Search


text
Informational

Freedom's Main Line

One of the earliest assaults on segregated transit in the South occurred in Louisville, Ky., in 1870-71. There, the city’s black community organized a successful protest that relied on nonviolent direct action, a tactic that would give shape to the modern civil rights movement nearly a century later.
by
Maria Fleming
Grade Level
Subject
Civics
History
Social Justice Domain
text
Visual

The Negro Motorist Green Book

These images are from The Negro Motorist Green Book 1940 edition. The Green Book, published from 1936 – 1964, served as a guide for African Americans traveling around the country during the Jim Crow segregation era. To explore the complete issues visit the New York Public Library Digital Collections at https://digitalcollections.nypl.org/collections/the-green-book#/?tab=ab…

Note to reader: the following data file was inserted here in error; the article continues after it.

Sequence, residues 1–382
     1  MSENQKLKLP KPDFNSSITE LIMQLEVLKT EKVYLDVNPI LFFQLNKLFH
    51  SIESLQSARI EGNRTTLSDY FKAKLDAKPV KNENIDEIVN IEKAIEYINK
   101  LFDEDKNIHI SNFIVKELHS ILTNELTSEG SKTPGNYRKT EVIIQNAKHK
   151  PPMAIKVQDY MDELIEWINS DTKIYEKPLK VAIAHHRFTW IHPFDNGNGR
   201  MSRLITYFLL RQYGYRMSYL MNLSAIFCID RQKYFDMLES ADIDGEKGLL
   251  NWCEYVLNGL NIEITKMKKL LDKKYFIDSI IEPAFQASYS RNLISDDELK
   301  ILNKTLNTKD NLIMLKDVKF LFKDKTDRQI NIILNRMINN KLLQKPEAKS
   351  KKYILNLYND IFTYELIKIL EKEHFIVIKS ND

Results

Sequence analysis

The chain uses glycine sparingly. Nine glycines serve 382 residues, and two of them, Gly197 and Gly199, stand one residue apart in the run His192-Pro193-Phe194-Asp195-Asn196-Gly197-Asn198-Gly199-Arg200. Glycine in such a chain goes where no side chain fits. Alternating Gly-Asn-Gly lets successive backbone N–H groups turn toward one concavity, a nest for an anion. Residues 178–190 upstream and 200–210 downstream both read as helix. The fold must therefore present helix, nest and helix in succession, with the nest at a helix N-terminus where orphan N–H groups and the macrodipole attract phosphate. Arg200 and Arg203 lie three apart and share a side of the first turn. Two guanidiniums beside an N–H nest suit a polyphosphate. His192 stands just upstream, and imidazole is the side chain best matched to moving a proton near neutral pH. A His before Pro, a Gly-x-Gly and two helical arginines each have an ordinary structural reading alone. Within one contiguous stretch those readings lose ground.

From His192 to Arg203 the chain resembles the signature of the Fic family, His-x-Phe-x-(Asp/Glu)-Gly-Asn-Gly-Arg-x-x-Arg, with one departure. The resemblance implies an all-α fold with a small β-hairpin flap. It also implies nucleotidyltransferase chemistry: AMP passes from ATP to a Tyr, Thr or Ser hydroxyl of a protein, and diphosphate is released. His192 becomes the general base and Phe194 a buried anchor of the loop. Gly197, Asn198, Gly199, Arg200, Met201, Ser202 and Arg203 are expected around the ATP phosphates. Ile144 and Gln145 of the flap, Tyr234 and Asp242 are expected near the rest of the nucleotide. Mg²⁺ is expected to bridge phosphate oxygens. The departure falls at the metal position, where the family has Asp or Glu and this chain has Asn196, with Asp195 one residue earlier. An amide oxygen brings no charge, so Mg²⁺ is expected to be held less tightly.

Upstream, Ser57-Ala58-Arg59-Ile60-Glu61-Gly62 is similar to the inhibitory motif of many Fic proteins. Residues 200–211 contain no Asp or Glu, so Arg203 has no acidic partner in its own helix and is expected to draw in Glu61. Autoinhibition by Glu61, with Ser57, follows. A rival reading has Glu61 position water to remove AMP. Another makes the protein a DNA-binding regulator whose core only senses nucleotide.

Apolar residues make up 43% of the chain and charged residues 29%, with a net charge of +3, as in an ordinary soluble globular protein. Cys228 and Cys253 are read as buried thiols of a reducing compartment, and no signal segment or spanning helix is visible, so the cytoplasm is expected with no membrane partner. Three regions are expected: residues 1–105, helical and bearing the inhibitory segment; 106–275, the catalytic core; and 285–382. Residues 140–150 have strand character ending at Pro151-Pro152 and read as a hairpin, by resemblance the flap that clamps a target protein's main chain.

by
William H. Green (editor)
Grade Level
Subject
History
Economics
Geography
Social Justice Domain
text
Informational

The Child's Defender

In this interview, Marian Wright Edelman expresses the importance of each American sending children “signals of fairness and tolerance” and helping to give them “a life that transcends boundaries of race, class, gender and other differences.”
by
Marian Wright Edelman and Sara Bullard
Grade Level
Subject
Civics
Economics
Social Justice Domain
text
Informational

“We Lived in a Bubble”

Elizabeth MacQueen is the sculptor of Four Spirits, a monument built to memorialize the four girls killed in the bombing of the 16th Street Baptist Church. In her memoir, she discusses how the project revealed to her how sheltered she had been as a child growing up in Birmingham.
by
Elizabeth MacQueen
Grade Level